How much will the FDIC lose? From IndyMac’s experience, just announced, it appears that the alt-A residential-mortgage-backed securities are being written down about 80 percent in resolution. We don’t know if other banks were as bad. But when the ratings agency Fitch examined the loan tapes for a small sample of highly rated RMBS (Residential Mortgage-Backed Security) in 2007, they found “misrepresentation or fraud in practically every file.” Geithner’s plan states that the FDIC “will employ contractors to analyze the pools” against which it will issue loan guarantees. One wonders whether this analysis includes a scrupulous examination of the underlying loan tapes, with public disclosure of the extent of missing documentation, misrepresentation, and fraud.
If not, it would seem that these assets could only be sold, at 60 cents, to gamblers—to investors who are willing to guess at what the assets will eventually yield. Possibly there are enough gamblers out there, to pay the prices that the banks require. But it seems hard to believe.
Then again, there’s another possibility. Suppose some “interested” party—say a banker’s brother-in-law—came in on the buyer’s side. Suppose they were to bid up that initial price, meeting or nearly meeting the expectations of the banks? In that case—miracle of miracles!—the assets would sell. The Treasury and FDIC funds would get engaged. And the mortgage-backed assets would fly off the books of the banks.
At first glance, in that case, the plan would look like a big success. Geithner would be a hero. Paul Krugman and I would have to shut up. Until, after a bit, it became clear that the assets were not actually worth 60cents on the dollar, but only 30 cents, or nothing. Then the FDIC would take its losses. But the banks would be home free.
Isn’t there an open invitation here, for the banks to bail themselves out? They have a huge interest. For a small inducement—the exposure of a credit-default swap—they can get a dollar of bad assets off their own books. Ultimately, thanks to leverage and non-recourse, the loss falls on the FDIC, and is recouped (if at all) by higher insurance premiums on all banks—not just the big ones, which have a lot of liabilities that are not insured deposits—but the small ones, too, who mostly avoided the subprime mess, and mostly fund themselves mainly through FDIC-insured accounts.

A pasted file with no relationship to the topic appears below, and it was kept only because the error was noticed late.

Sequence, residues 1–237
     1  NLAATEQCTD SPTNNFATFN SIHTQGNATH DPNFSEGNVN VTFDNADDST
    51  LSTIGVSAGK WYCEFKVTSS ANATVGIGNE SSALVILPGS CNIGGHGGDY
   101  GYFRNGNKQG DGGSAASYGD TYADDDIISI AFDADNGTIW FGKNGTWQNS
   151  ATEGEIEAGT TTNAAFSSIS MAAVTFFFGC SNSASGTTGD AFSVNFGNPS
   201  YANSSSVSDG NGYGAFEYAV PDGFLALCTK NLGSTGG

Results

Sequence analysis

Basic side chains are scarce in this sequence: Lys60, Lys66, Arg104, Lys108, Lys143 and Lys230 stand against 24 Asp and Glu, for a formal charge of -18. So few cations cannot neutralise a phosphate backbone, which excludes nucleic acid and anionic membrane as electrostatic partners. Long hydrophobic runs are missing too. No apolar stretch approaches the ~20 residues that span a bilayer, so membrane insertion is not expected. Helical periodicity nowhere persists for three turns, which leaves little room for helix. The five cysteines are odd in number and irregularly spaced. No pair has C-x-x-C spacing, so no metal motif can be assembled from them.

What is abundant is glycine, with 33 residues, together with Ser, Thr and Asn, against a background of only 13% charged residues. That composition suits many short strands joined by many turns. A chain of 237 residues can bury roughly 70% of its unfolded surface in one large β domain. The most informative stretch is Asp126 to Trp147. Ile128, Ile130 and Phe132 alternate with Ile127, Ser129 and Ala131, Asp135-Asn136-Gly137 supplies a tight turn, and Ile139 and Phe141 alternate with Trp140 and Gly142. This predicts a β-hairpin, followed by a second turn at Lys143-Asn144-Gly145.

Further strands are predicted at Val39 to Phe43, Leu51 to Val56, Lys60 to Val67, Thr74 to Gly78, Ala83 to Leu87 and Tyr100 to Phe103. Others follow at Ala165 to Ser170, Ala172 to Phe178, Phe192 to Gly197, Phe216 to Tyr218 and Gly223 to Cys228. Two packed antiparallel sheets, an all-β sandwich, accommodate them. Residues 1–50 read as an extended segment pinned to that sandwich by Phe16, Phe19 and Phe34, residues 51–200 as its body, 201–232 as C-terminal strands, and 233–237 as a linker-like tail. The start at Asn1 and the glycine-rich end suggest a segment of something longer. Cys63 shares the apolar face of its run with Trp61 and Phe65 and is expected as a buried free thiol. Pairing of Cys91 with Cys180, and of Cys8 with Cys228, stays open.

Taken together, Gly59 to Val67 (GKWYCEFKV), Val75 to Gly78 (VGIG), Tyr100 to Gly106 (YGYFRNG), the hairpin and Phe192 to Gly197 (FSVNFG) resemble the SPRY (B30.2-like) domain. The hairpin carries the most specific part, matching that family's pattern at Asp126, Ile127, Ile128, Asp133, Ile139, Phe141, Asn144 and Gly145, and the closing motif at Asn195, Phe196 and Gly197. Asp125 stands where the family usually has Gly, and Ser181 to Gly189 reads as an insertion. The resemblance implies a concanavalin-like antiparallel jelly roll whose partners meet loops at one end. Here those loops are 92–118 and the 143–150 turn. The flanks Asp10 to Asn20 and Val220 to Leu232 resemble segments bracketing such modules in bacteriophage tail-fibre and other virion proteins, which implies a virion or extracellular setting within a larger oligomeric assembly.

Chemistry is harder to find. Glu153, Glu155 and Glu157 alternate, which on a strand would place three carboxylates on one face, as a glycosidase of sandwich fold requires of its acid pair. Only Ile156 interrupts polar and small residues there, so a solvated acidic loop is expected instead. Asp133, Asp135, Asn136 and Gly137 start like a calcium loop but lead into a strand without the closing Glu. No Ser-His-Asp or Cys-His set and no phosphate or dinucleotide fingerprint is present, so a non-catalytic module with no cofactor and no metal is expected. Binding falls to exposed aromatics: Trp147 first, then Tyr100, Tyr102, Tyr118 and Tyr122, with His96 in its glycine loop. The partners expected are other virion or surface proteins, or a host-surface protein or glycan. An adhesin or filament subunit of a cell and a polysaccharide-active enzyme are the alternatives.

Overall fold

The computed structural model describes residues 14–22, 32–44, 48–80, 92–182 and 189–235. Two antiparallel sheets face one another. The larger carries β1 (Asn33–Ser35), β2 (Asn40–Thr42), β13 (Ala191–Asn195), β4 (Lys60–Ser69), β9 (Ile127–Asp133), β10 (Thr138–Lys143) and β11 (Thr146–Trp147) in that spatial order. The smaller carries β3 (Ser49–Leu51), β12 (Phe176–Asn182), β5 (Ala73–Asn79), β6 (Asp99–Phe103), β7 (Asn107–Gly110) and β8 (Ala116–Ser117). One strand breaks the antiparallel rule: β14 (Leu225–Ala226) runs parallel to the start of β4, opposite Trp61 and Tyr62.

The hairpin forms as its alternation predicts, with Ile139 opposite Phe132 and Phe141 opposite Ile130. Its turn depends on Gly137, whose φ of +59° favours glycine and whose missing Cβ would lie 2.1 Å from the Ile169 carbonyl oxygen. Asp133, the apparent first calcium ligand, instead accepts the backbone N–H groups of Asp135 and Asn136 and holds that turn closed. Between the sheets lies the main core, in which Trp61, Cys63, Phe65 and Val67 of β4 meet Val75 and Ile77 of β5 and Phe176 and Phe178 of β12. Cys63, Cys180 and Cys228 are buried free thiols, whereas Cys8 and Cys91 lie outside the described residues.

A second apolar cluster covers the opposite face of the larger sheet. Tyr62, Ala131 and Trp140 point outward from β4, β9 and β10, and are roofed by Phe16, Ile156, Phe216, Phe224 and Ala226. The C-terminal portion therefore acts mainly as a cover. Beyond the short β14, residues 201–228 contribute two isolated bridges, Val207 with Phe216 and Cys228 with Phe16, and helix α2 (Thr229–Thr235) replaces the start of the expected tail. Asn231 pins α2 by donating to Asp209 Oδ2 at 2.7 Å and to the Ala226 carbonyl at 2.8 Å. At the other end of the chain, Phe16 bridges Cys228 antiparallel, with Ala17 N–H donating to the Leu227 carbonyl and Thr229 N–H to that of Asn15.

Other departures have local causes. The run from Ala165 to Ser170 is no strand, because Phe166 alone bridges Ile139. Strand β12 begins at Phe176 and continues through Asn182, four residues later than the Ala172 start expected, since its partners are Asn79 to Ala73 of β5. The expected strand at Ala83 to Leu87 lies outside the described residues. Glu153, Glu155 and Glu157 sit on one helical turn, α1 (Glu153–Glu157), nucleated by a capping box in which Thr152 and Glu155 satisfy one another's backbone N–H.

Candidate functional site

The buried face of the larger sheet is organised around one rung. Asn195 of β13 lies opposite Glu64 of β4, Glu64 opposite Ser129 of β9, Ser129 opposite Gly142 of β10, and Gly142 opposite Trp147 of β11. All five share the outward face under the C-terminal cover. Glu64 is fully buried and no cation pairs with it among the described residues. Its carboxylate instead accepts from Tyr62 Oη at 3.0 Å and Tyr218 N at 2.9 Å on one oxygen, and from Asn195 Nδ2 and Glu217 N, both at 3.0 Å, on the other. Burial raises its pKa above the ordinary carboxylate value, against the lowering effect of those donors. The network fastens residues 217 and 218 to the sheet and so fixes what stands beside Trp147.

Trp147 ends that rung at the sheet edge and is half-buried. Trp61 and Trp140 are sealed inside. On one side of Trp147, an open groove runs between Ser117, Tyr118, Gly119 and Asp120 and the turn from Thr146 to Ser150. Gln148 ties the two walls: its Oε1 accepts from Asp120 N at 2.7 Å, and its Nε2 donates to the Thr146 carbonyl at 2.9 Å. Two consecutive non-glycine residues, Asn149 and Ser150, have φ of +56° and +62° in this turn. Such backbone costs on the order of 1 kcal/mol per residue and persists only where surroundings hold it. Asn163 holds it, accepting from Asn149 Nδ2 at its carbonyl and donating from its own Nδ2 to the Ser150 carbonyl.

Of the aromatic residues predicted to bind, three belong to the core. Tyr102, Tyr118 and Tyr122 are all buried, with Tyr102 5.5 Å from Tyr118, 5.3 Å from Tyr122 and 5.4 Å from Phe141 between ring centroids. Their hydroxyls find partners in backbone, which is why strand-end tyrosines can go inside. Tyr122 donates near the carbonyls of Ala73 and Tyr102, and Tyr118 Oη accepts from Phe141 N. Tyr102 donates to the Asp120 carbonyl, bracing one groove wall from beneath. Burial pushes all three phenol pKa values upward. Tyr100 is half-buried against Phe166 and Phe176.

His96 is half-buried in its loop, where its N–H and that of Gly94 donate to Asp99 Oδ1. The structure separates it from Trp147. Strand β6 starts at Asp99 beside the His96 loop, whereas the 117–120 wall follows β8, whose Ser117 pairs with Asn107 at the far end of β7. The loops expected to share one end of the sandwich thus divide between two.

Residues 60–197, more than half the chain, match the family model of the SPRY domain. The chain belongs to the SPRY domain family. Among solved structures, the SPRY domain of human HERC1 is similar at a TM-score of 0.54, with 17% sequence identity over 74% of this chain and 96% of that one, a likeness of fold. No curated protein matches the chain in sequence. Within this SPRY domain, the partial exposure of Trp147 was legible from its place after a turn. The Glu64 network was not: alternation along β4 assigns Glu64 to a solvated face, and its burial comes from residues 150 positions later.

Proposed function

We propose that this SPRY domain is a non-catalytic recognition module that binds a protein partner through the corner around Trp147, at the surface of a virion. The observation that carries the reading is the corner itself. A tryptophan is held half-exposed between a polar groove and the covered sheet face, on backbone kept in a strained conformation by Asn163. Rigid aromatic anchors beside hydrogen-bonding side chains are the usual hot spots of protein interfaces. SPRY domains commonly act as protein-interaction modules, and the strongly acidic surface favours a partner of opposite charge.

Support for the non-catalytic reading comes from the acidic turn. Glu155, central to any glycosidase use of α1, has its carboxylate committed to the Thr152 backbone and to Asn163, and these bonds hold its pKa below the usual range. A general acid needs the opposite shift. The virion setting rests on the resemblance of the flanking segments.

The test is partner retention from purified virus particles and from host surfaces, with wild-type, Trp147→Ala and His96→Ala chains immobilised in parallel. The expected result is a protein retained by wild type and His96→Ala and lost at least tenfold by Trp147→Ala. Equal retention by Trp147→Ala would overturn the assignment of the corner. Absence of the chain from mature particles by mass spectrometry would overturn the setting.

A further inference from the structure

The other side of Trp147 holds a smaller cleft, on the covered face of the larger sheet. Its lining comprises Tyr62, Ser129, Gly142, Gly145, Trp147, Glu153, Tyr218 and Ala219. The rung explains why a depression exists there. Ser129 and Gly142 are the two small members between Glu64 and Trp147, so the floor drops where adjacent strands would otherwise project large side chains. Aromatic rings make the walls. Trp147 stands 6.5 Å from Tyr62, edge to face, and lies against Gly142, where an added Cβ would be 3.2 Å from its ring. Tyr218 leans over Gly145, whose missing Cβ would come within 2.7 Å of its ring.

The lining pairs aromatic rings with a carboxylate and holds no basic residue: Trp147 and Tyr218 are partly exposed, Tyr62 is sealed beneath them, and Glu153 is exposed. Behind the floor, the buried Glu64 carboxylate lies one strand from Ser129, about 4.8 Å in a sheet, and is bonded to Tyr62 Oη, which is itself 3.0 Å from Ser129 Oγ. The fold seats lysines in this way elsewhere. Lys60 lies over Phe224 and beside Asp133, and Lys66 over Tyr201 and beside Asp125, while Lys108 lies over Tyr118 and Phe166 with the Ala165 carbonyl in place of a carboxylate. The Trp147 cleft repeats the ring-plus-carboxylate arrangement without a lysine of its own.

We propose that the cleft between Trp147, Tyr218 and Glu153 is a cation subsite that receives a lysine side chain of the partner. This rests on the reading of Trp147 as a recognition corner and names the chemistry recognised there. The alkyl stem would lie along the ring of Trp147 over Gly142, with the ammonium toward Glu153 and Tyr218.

What’s not to like about that, if you’re a big bank?
The ultimate objective, and in President Obama’s own words, the test of this plan, is whether it will “get credit flowing again.” (I have dealt with that elsewhere.) Short answer: It won’t. Once rescued, banks will sit quietly on the sidelines, biding their time, until borrowers start to reappear. From 1989 to 1994, that took five years. From 1929 to 1935—you get the picture.
So why rescue them? The cost has to fall somewhere: As Milton Friedman, no less, liked to say, there is no free lunch. Let’s not forget: Behind all of this are mortgages and derivatives, which were called “liars’ loans,” “neutron loans,” and “toxic waste” by the people who issued them. There was fraud in the inducement, fraud in the conveyance, and fraud in the ratings process. The incumbent top management of the biggest banks either did this, or is complicit, or is complacent. And they all did very well, while the money was good.
And the reality is, if the subprime securities are truly trash, most of the big banks are troubled and some are insolvent. The FDIC should put them through receivership, get clean audits, install new management, and begin the necessary shrinkage of the banking system with the big guys, not the small ones. It should not encumber the banking system we need with failed institutions. And it should not be giving CPR to a market for toxic mortgages that never should have been issued, and certainly never securitized, in the first place.
James K. Galbraith, author of The Predator State: How Conservatives Abandoned the Free Market and Why Liberals Should Too , teaches at the LBJ School of Public Affairs, The University of Texas at Austin. He is formerly executive director of the Joint Economic Committee of the Congress.